People affected by digestive disorders often suffer through a long, uncomfortable journey before they are able to live in peace with their digestive system.

Digestive diseases may or may not be serious medical issues, but they can be devastating for those suffering. Digestive disorders disrupt your life and leave you feeling completely helpless, especially in regard to the food you eat. If you are dealing with digestive issues, you first need to determine what foods affect you negatively and then design a health plan that works for you. Similar diseases and conditions can require extremely different treatments, which is why it is so important to first determine exactly what is causing your digestive issues. Once you understand how your system reacts to certain foods, you and your doctor can design a plan that gets your system back on track and allows you to live a full, healthy life.

Irritable Bowel Syndrome

There are several diseases and conditions that fall under the umbrella of “digestive disorders.” The discomfort ranges from mild to severe, but in all cases the condition is affected by diet. Irritable bowel syndrome (IBS) is one of the most common digestive disorders and is also one of the most easily treatable. This is because there is actually no abnormality in the bowel. The bowel is aggravated by external factors, so there is no abnormality to repair. Symptoms include cramping and pain, constipation and diarrhea, gas, and bloating. The symptoms often flare up after eating and subside following a bowel movement. Treatment for IBS focuses on diet changes. There are few recommendations for specific foods because people’s systems respond differently to different foods. In general, people suffering from IBS will want to avoid intestinal stimulants such as caffeine, carbonated drinks, and greasy foods. Gluten might also be a stimulant, especially if a patient is also suffering from Celiac disease or gluten intolerance. It can also be helpful for a patient to eat a diet high in fiber (soluble and insoluble) and to eat several small meals each day. Those suffering from diarrhea will want to add soluble fiber foods to their diet, such as oatmeal and bananas. Those suffering from constipation should increase insoluble fiber, as well, including fruits and vegetables. Insoluble fiber can make bloating worse, so monitor your symptom changes carefully.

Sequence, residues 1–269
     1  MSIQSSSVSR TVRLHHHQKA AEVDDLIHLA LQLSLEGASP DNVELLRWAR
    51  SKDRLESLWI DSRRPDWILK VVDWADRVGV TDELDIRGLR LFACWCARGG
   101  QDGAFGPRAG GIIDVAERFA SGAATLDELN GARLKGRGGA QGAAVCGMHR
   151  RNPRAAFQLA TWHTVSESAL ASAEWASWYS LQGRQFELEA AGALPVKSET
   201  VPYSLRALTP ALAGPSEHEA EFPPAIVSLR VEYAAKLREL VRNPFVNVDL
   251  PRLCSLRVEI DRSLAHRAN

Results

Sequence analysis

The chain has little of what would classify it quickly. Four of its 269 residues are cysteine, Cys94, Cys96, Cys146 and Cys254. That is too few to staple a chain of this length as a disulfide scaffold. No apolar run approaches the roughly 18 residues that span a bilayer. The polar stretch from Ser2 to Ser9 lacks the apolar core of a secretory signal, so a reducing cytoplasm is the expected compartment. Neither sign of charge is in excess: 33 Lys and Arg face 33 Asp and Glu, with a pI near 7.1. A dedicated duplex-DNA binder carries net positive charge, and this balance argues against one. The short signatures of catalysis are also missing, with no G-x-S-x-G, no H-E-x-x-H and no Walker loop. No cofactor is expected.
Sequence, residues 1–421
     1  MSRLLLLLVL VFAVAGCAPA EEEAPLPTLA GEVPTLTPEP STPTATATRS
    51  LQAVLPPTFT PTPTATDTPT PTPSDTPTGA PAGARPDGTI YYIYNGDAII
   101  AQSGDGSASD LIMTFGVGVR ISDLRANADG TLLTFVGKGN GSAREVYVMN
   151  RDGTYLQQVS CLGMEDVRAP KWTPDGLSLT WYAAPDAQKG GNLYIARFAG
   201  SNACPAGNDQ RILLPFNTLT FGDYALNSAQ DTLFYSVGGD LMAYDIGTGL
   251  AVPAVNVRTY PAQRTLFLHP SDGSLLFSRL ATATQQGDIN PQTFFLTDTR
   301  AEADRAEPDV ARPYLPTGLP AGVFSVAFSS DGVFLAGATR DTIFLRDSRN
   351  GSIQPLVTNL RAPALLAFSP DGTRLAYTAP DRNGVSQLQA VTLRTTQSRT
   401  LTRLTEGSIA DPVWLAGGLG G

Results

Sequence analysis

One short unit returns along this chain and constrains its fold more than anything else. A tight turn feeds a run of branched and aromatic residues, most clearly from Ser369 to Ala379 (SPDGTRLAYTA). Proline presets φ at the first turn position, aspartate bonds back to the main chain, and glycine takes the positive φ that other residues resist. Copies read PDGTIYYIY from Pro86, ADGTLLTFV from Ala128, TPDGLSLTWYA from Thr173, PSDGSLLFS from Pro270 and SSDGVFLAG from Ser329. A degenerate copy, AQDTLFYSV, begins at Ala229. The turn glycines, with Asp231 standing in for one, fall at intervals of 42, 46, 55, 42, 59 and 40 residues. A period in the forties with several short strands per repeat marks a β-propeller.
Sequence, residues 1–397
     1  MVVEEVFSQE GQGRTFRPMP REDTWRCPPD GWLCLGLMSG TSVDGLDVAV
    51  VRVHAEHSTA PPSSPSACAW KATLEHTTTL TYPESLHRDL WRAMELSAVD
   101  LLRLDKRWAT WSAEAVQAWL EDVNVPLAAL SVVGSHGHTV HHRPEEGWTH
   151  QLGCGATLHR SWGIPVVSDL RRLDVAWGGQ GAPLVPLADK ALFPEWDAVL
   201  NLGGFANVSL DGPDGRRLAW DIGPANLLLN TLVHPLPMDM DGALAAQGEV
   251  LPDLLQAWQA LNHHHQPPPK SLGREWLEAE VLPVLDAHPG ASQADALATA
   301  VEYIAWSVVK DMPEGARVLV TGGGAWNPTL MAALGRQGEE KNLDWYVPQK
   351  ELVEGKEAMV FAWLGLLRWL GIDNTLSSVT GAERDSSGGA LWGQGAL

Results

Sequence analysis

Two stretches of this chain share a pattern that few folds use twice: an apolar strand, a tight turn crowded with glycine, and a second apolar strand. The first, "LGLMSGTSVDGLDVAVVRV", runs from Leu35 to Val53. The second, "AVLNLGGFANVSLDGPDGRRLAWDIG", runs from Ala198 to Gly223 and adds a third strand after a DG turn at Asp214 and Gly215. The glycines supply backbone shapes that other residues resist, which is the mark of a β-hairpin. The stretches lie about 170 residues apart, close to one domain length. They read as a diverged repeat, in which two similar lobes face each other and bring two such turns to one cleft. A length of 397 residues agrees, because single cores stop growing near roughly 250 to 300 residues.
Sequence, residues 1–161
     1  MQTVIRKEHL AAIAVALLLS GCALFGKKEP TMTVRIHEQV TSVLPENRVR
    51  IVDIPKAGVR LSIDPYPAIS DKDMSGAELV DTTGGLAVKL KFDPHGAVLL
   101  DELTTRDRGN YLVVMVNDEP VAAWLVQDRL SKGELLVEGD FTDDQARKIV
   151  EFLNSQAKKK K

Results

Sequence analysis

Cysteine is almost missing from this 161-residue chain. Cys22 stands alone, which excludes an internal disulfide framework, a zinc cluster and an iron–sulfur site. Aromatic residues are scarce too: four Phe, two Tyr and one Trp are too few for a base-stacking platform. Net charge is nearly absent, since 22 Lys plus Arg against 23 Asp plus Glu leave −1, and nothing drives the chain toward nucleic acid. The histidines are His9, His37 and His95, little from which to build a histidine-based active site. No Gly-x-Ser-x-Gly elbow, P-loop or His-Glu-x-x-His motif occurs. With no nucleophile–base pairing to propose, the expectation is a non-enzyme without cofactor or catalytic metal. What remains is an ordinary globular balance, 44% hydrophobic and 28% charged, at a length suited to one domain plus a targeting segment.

Inflammatory Bowel Disease

Inflammatory bowel disease (IBD) has similar symptoms as IBS, but is a completely different disorder. Patients with IBD actually have abnormalities in their digestive system and might be diagnosed with either Crohn’s disease or ulcerative colitis. Each of these diseases has similar characteristics, but there are some specific differences. Crohn’s disease affects the last part of the intestine, as well as parts of the large intestine. The inflammation extends deep into the layers of the intestinal wall and affects the entire bowel wall.

Ulcerative Colitis and Crohn’s Disease

Ulcerative colitis, on the other hand, affects only the bowel lining. The lining of the intestine is inflamed and ulcers are present. It often affects the rectal area, causing frequent diarrhea, as well as blood and mucus in the stool.

Both ulcerative colitis and Crohn’s disease share symptoms such as abdominal pain, diarrhea, and occasional constipation. Diarrhea can be extreme and result in dehydration, a drop in blood pressure, and rapid heartbeat, as well as anemia, caused from the loss of blood in stools. The loss of fluids and nutrients can lead to fatigue, fever, and malnutrition.

Though these diseases have similar symptoms and, in some cases, similar treatments, it can require a long and frustrating process of trial and error to detect symptom triggers. The tests given by Immuno reduce the frustration and time it takes to determine the most common triggers of symptoms. Tests might include a Tissue Transglutaminase Assay (tTg) or Anti-Gliadin Test, both of which help narrow down triggers. The Anti-Gliadin Test is especially helpful to those suffering from gluten intolerance.

Once a diagnosis is made, patients can work with their doctors to eliminate certain foods and find alternatives to foods they are unwilling to give up completely. For instance, those who suffer from a peanut allergy can find tree nut substitutes for peanut butter, such as cashew or almond butter, as well as soy nut, sunflower seed, walnut, and hazelnut butters, if the idea of giving up peanut butter is disappointing. These substitutes are also affective in relieving symptoms not necessarily associated with digestive issues.

Suffering with a digestive condition is no way to live. The best course of action is to diagnose the condition causing the problems and develop a lifestyle that helps you manage the condition. There may be no cure for these conditions, but learning to manage the symptoms is the best way to live a full, healthy life.